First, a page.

Decision Model Innovation: The next frontier in creating competitive advantages in converging industries
DECISION MODEL INNOVATION: An Introduction
The RDA Business Environment
Many companies that I work with are strongly affected by three major developments:
These three developments ( Robotics & Globalization, Digitization, Access-based Business Models) lead to an increasing “Commoditization of Products and Services”. For example, the automotive sector has been among the first to both experience a massive industry convergence into the so-called mobility sector and to fully embrace the potential of robotics to harmonize their manufacturing processes around the world and locate their assembly plants next to their major sales markets. This development also allowed OEMs from emerging markets to catch up in quality levels and at least reduce the margins of established players in the BRIC countries. Similarly, the sharing economy is reducing the number of cars sold and, even more important, disconnecting the actual mobility consumer from a specific car brand (e.g. a subscriber to a ‘premium’ car sharing service doesn’t care whether the car he/she gets access to for each ride is a BMW, Mercedes, or Audi). In addition, digitization in the form of artificial intelligence, massive cloud computing or detailed digital maps and new data transmission standards allows for new forms of mobility such as autonomous driving; i.e. the ultimate form of transparency that a mobility consumer can get from a car).
As a consequence of this “Commoditization of Products and Services” through industry convergence, companies face the problem to identify new ways to create customer value & capture in order to sustain their profit margins in the future.
Our suggestion is to think of “Decision Model Innovation” as a posssible answer.
DECISION MODEL INNOVATION (DMI)
In the past, companies have created COMPETITIVE ADVANTAGES through product/service innovation, process innovation and business model innovation.
However, with the rise of the DATA-driven economy & KNOWLEDGE societycompanies need to consider another form of innovation. In our observations of industries and our interactions with companies we have experienced that companies are increasingly struggling to find ways to differentiate their value proposition from competitors in converging industries due to the “Commoditization of Products and Services”. During the last decades, companies first focused on product innovation, later in combination with process innovation, and finally followed the concept of business model innovation.
We do not propose DECISION MODEL INNOVATION (DMI) as being a completely new model compared to business model innovation but differentiate DMI as follows from product, process and especially business model innovation:
From FACTS to ACTION: A Starting Point for Discussions
Ever since I have been teaching “Decision Intelligence” to students and executives I integrate an exercise where I let them think about a few key terms that strongly affect the way we see and talk about the world today. These terms include Data, Information, Knowledge, Insight, Decision, Action as well as Facts, Experience, Expertise, Wisdom, Opinions among others. As much as we normally disagree in class about the exact definitions and the interdependencies between these terms, we also agree on the importance to create an advanced understanding in order to navigate in a Knowledge Society & Data-driven Economy.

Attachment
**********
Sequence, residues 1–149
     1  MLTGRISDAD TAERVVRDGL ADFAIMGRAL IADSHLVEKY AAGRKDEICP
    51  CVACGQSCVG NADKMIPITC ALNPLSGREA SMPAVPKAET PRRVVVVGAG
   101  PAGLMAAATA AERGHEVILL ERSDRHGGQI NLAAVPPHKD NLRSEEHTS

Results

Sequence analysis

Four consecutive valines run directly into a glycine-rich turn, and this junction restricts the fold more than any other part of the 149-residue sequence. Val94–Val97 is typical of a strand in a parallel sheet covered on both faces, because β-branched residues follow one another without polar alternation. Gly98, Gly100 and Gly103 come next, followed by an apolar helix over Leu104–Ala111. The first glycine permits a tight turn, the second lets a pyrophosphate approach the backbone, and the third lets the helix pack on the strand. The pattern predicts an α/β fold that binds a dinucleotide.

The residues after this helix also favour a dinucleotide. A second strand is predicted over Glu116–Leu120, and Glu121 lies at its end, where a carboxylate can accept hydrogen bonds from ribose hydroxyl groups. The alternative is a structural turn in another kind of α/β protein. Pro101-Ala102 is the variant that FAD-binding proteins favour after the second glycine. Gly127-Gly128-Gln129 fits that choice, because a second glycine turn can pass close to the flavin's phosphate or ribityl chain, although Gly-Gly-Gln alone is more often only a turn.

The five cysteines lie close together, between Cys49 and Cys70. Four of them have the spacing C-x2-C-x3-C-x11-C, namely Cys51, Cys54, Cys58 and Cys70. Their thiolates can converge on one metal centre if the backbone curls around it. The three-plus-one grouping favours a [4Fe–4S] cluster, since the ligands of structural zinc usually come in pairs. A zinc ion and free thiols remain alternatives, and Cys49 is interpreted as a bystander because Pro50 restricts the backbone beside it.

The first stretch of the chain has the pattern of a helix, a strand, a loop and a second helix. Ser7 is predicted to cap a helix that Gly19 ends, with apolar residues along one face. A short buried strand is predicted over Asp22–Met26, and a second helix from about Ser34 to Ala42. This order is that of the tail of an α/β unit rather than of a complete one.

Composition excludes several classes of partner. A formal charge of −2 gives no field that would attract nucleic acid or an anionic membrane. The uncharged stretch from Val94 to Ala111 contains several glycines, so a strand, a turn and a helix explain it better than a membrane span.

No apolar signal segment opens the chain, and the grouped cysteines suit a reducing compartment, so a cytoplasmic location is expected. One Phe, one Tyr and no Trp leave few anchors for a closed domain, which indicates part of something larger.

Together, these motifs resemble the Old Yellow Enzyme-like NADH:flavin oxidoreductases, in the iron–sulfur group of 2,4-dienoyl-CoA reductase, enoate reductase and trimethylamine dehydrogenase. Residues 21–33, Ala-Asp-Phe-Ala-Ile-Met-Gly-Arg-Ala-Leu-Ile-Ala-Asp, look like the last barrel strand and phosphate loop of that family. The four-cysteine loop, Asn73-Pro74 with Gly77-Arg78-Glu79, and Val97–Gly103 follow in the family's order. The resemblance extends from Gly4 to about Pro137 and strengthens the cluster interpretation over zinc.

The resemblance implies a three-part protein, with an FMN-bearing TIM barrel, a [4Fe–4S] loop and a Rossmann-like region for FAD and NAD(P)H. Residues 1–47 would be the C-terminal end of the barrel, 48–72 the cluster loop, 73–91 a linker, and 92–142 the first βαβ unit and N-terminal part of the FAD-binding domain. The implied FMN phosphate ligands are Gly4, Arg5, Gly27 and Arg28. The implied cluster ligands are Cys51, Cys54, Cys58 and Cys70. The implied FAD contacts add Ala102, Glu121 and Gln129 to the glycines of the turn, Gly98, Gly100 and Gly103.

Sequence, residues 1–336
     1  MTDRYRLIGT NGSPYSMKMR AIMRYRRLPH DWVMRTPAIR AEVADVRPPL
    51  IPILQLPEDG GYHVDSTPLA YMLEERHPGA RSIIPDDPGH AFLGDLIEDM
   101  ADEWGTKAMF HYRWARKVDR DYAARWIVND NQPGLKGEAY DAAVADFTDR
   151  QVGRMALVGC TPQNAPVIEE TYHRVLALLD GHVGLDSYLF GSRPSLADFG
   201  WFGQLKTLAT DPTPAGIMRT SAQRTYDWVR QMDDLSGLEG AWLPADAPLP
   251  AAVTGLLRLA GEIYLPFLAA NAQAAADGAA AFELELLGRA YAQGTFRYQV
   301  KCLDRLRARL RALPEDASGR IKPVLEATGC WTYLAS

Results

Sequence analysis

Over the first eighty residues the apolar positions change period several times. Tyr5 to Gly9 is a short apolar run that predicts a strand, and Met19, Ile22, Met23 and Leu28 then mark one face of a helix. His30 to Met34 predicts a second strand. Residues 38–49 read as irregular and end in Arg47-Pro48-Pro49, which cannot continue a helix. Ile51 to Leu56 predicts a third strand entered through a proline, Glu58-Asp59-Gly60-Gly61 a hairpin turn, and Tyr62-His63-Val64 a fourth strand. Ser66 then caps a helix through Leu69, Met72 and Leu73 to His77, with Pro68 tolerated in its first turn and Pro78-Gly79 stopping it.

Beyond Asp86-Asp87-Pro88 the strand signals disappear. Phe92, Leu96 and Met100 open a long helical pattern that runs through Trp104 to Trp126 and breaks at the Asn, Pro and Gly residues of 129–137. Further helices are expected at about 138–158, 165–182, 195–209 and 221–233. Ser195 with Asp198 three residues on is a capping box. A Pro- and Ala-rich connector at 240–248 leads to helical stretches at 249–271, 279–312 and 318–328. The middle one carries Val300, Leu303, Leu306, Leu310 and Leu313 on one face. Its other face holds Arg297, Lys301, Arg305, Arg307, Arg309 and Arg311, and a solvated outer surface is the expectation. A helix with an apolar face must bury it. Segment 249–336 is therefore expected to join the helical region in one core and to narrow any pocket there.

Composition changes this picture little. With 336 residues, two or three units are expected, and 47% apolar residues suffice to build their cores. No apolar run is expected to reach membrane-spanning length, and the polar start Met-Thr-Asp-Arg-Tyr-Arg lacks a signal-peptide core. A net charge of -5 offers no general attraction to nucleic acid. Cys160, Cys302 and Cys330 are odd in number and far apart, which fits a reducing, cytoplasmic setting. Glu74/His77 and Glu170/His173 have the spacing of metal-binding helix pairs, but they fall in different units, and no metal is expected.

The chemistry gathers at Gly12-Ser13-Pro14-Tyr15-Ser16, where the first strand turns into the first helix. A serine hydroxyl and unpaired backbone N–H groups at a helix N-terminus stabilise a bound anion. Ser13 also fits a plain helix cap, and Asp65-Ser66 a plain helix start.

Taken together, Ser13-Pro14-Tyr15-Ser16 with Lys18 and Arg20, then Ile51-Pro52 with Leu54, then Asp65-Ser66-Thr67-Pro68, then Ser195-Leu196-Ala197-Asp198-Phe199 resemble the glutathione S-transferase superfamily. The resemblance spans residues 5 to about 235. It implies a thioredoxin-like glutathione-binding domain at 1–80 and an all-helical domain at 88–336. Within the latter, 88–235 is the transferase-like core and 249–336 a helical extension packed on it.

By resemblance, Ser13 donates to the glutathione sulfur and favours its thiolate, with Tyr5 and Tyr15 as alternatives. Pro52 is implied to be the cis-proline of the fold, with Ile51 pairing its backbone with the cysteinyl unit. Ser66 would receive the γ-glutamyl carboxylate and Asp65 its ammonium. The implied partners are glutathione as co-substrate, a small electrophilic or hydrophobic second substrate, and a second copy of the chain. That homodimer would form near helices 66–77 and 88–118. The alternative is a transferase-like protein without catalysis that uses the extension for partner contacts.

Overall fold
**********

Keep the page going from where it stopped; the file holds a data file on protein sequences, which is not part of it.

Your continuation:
In the following, I summarize the results of multiple discussions with students & executives with NO CLAIM to have the best possible framework (i.e. understanding) already.
Following really smart people like Cassie Kozyrkov, Chief Decision Scientist at Google, one of the most promising but also challenging tasks in today’s world is to turn DATA into ACTION. In order to do that, I have created a FRAMEWORK that summarizes the logic we have developed.
Let me explain its elements:
We have three levels:
Let me first introduce the RESULTS Level including:
While the RESULTS are rather easy to define and understand (although multiple variations exist in the academic and real-life world for each term), the ACTIVITIES that actually transform DATA into ACTION are much more difficult to agree upon or even define. In the following I try to provide an framework that might add to your understanding and your own interpretation of how to turn DATA into ACTION. The key ACTIVITIES are:
I want to emphasize again that the proposed framework is nothing else than a suggestion based on the numerous discussions with the students and executives in my “Decision Intelligence” courses at the University of St.Gallen, Switzerland. The framework consists of three levels:
Your suggestions to improve the framework are highly appreciated at: firstname.lastname@example.org
Decision Intelligence for Farmers: The Pioneering Role of IoTAg in Australia
A great example of Decision Intelligence is IoTAg, an Australian start-up in the agri-tech sector.
IoTAg supports farmers through different forms of insights to support their decision making. The core technology they focus on is called LoRa (Low Power Wide Area Network). LoRa allows IoTAg to track the movement and behavior of cows based on license-free networks that they can establish for small and large farmers according to their intelligence requirements. However, IoTAg's focus on LoRa would not be sufficient to provide all necessary insights that their customers - the farmers - really need. Therefore, IoTAg has decided to develop a business ecosystem which includes other companies such as SatSure, another company with a strong Decision Intelligence focus, offering insights based on advanced satellite data analytics.
For more information about IoTAg's ongoing work and that of similar companies: SproutX Accelerator
Their famous "Bring home the bacon" pitch you can find here: "Bring home the bacon"
Mr. Sauerbrey: Why do executives need a Decision Intelligence Navigator?
Dr. Moser: We understand “Decision Intelligence” as the capability of an individual or organization to create a FIT between its intelligence requirements in form of data, information and knowledge and its intelligence processing capacities in the form of intelligence gathering, analysis and communication activities.
Our Decision Intelligence Navigator is simply put a mental model that allows you…